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Trading High

Steve Abramowitz

WHILE HANGING OUT at the local Charles Schwab office, you meet a high-octane trader named Hal. He paces up and down like the Energizer bunny and talks so fast you can’t get a word in. Incessantly checking his phone, he abruptly gestures to the door and insists you join him for lunch. Apparently, Apple is up three points, his options are in-the-money and he wants to celebrate.

Hal speeds to a nearby Subway, where he proceeds to order the Spicy Italian for both of you. Just as you take a bite, he puts down his phone and cringes as his face turns red. He wails that the virus scourge has crimped iPhone sales in China. Apple is now down six and his near-term options will expire worthless.

What’s with this guy? This isn’t just a case of the Starbucks jitters. Hal’s behavior shows the telltale signs of a manicky temperament—unbounded energy, flamboyance and a big appetite for risk-taking.

Now, don’t get me wrong, all investing involves risk. Last year, even bond investors got acquainted with the old saw, “no pain, no gain.” But today, we aren’t just talking about your Uncle Louie, who drums his fingers on the table before the food arrives. Instead, we’re pondering folks with a high need for arousal and action that undermines their investment success.

That clearly includes day traders and options players. Their hyperactivity is all too obvious. But what about more subtle manifestations, to which most of us are susceptible? Sometimes, a manic temperament masquerades as legitimate portfolio changes, like portfolio rebalancing every quarter or even every month.

Or how about mutual fund switching? You thought funds were a lot safer than owning individual stocks. They usually are. But they’re also vulnerable to arousal abuse. Do you choose fund families with the most lenient exchange privileges? Do you really need to shift from one sector fund to another based on a slick podcast presentation? The temptation is made all the greater by no fund redemption fees. Is the goal here really portfolio improvement—or is it more truthfully a need for excitement on a grey and boring winter day?

Portfolio reallocation can be a special case of switching syndrome. Has international begun to move? Why not jump in? Maybe the tech debacle has run its course, so you bolt out of defensive stocks and back into growth shares. My own recent sin: I succumbed to the much-ballyhooed January effect, which promises a run for small-cap stocks from two weeks before through two weeks after New Year’s. Well, maybe next year.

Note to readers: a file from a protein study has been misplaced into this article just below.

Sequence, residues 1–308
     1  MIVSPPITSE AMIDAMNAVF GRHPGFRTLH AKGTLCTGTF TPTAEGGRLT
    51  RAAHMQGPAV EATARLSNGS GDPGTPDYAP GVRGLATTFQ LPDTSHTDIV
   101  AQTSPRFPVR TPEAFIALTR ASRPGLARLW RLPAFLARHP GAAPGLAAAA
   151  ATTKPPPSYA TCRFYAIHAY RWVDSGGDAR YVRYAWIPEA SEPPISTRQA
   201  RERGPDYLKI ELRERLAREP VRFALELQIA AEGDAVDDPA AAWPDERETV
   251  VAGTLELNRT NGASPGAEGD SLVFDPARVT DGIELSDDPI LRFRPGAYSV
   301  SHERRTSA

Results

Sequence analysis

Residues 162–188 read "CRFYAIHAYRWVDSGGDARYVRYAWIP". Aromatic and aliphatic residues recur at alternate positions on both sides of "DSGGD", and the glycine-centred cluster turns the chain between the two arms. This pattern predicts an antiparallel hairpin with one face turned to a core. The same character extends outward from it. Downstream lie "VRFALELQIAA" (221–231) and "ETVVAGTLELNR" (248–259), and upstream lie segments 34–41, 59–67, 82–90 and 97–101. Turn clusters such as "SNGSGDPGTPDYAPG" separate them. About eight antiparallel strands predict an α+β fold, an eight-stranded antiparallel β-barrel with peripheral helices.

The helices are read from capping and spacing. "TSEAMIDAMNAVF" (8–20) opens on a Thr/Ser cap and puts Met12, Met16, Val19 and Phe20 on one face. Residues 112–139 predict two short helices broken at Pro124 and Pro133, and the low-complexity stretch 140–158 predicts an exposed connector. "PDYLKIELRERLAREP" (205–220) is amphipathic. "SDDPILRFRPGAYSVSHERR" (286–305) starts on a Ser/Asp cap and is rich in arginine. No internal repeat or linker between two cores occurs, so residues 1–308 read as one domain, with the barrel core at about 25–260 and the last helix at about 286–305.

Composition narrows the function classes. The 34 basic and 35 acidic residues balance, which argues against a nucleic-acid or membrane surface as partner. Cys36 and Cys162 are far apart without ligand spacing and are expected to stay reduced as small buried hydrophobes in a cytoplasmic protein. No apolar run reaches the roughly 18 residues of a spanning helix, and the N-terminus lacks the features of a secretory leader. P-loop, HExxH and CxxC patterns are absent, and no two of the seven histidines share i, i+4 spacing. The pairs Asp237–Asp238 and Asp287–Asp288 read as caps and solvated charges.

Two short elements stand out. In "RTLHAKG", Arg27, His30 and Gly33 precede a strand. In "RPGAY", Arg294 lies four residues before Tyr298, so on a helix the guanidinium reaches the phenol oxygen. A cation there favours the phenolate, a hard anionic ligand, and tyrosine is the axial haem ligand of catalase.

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Are you suffering from FOMO, or fear of missing out? Following the money can work for a month or two until investors’ collective common sense reasserts itself. Remember meme stocks like GameStop? Such herding behavior by FOMO crowds isn’t confined just to stock manipulators. Ominously, Hee Jin Kim and his associates found FOMO to be almost as common among active stock traders as among bitcoin speculators.

Given to hyperactivity? Start by acknowledging that you’re a high-arousal type who thrills to action and the taking of risk. You can’t start to get control over your weakness as an investor until you admit it. Take solace from knowing that manic-proneness has been related to creativity and high productivity.

A new year is a good time to resolve to learn and practice self-discipline. You might leave your portfolio alone and instead take refuge in activities that also promise an action hit, like a formidable hike, a challenging new exercise routine or competitive sports. Alternatively, you might trade investments on paper only, keeping a record of your performance relative to a benchmark. Doesn’t sound satisfying? For those who would otherwise suffer withdrawal pangs, several commentators have recommended a solution: Put 90% or 95% of your investment money into mutual funds and exchange-traded funds, and then use the remainder to trade individual stocks.

Meanwhile, seek support from others for your newfound commitment to self-control. Take counsel and encouragement from family and friends. Find a buddy who, say, enjoys streaming action movies with you. Maybe you’re fortunate to have a partner who’ll review your monthly brokerage statements with you and offer kudos when you show greater restraint. What if you feel your trading life has spun out of control and losses are mounting? You might consult a therapist or join a support group for overactive traders, such as Gamblers Anonymous.

One final suggestion: Try reading buy-and-hold classics like Jeremy Siegel’s Stocks for the Long Run and John Bogle’s Little Book of Common Sense Investing. To be sure, we can change personality only so much. Still, returns are maximized by keeping our lust for action in check. Take a page from Warren Buffett’s playbook and accept that, when it comes to investing, boring is beautiful.

Steve Abramowitz is a psychologist in Sacramento, California. Earlier in his career, Steve was a university professor, including serving as research director for the psychiatry department at the University of California, Davis. He also ran his own investment advisory firm. Check out Steve’s earlier articles.